Sunday, November 01, 2015

"Forever Changed" oil 14 x 14

  The Girls Just Wanna Paint challenge for October was the theme "gun".  Sigh.  As a teacher, I must practice lock down drills with my students so they know where to sit, how to be quiet, how to stay calm when I lock the door, drop the blinds and douse the lights.  It is very stressful for us and especially for them.  It is so stressful to discuss the procedure with my administration, when they have to say things like, "If a student knocks on your door to come in, use your own discretion as to whether or not they are the perpetrator."  Sigh.  Each and every teacher wonders if they could do the right thing in the face of potential carnage.  Carnage.  That is what is happening.  My job is to teach math.  More importantly, my job is to create a safe place for my students, and to protect them, which I will do.  I know I will do the right thing.
When I thought about the theme of gun, I thought of my students sitting on the floor, sometimes giggling nervously as we practice the drill. I thought of the fear they are either articulating or suppressing.  I thought of the teachers and children who have been killed in the school shootings.  I pray for the comfort of the survivors whose lives have been forever changed.  I pray for connection in our world so that less young men will feel so isolated and angry that they turn guns on others.  What can we do?  For starters we can reach out and connect.  Make eye contact, make connection, break the isolation.  Just a start.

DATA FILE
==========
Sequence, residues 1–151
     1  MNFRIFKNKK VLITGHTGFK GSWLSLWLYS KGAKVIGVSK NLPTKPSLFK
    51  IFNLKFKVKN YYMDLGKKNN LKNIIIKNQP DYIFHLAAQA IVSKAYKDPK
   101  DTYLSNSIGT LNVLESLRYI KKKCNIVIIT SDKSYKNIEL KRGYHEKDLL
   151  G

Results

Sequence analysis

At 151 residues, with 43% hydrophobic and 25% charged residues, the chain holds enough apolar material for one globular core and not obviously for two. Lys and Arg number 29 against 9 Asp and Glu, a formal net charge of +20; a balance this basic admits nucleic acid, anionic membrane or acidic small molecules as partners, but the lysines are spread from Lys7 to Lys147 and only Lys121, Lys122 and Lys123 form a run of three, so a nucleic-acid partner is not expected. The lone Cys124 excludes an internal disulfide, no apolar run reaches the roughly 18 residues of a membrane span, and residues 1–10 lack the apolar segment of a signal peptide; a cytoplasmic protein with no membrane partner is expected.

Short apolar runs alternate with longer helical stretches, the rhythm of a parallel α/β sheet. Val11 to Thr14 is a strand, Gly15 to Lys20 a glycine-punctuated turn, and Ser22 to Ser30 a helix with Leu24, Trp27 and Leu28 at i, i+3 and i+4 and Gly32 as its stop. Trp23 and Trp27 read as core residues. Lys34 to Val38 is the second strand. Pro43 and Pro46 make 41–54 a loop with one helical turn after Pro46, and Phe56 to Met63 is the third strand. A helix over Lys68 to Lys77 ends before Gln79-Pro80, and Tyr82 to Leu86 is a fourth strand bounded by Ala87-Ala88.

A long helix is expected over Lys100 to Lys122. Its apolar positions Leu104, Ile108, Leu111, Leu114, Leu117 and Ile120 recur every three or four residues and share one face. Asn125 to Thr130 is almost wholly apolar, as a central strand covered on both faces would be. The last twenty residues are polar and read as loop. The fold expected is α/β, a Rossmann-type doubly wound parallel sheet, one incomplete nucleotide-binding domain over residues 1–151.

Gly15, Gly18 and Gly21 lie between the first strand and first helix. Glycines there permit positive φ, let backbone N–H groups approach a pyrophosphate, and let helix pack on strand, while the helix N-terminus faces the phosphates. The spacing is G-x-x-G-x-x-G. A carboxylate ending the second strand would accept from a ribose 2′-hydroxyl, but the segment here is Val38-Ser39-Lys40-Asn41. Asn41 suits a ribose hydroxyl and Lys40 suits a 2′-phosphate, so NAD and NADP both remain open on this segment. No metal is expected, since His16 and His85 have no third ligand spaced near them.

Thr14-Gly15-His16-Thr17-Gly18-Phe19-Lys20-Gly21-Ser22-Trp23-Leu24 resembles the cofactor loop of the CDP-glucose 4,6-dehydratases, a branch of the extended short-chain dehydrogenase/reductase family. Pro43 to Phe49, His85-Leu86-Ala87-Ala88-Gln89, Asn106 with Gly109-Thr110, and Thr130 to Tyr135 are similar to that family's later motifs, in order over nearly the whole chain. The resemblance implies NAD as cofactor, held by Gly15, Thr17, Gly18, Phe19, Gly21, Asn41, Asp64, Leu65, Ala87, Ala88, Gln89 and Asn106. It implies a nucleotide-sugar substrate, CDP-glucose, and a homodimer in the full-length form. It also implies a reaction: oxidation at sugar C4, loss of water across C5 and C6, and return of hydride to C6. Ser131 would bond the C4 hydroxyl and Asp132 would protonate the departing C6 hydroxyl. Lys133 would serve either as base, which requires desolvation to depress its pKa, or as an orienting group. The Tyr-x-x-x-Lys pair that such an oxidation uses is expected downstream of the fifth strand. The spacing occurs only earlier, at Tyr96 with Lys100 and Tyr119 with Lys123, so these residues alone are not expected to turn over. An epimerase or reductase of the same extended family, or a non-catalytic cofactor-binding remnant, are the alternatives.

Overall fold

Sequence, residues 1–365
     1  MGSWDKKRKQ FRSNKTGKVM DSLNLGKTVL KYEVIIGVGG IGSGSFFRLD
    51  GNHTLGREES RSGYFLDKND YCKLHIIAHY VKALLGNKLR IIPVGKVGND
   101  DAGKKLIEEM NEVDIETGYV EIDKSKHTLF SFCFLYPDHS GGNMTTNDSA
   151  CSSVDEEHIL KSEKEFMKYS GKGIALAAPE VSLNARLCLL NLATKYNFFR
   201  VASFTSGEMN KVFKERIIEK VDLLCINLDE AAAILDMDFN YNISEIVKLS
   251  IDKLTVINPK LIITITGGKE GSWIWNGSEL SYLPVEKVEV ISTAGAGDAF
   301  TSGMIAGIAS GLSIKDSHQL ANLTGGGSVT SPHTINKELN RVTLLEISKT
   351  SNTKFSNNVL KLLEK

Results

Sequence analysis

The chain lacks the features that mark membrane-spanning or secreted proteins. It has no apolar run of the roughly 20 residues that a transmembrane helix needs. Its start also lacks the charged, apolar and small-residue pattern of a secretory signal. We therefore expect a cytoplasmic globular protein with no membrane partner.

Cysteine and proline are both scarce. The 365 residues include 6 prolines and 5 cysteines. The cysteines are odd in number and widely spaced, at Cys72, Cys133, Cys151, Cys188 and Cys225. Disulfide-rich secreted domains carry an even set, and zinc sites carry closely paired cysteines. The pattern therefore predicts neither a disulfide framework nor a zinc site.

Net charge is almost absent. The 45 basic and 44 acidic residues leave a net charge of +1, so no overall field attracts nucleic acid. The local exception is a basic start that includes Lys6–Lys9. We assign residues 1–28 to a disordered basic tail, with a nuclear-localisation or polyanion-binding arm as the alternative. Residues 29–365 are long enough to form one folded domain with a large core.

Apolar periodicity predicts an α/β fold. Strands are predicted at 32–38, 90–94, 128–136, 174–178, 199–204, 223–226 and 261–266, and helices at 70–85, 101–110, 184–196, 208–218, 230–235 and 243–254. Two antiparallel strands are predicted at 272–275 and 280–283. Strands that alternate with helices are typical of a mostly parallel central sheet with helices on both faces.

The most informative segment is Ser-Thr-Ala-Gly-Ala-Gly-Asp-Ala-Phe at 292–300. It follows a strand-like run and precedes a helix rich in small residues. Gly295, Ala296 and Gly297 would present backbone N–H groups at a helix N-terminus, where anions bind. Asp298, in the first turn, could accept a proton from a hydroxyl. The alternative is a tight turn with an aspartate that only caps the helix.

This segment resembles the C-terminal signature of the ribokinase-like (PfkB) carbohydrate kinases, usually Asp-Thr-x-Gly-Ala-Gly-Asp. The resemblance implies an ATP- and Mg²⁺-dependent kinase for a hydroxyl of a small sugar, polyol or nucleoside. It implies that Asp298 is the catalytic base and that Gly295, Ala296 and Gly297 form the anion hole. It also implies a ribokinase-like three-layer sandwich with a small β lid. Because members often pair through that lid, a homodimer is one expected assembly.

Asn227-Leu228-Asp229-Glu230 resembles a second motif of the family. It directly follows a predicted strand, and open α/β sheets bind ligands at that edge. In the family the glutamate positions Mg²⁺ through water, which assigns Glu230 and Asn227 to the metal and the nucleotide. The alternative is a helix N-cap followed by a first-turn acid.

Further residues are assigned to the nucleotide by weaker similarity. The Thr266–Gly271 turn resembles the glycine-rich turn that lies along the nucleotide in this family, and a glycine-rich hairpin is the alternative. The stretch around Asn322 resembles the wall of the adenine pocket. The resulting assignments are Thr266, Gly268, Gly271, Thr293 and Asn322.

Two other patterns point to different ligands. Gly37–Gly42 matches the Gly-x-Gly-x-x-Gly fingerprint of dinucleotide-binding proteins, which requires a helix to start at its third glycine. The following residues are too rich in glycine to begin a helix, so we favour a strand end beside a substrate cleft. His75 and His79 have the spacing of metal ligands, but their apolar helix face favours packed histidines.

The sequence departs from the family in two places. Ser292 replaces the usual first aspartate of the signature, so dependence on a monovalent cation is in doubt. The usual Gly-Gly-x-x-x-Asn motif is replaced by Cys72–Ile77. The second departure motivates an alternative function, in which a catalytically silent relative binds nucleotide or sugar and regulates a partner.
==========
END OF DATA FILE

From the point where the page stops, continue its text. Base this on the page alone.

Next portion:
Thursday, October 08, 2015

Watercolor Joy

First wash
Second Wash
 I was revisiting one of my favorite painting books, "More Joy of Watercolor" by David Millard last night.  Each page is a visual feast, and the book is packed with information. 
 I'm exploring some of his wet-in-wet demonstrations and color combinations (sort of).  Above are the first two washes in a bottle study. The first wash is ultramarine and raw umber, taking care to preserve the whites.  The next wash was a combination, adding some light red with cerulean up top and letting it wash down, and then some cerulean, and a little sap green lower right.  I'll keep you posted...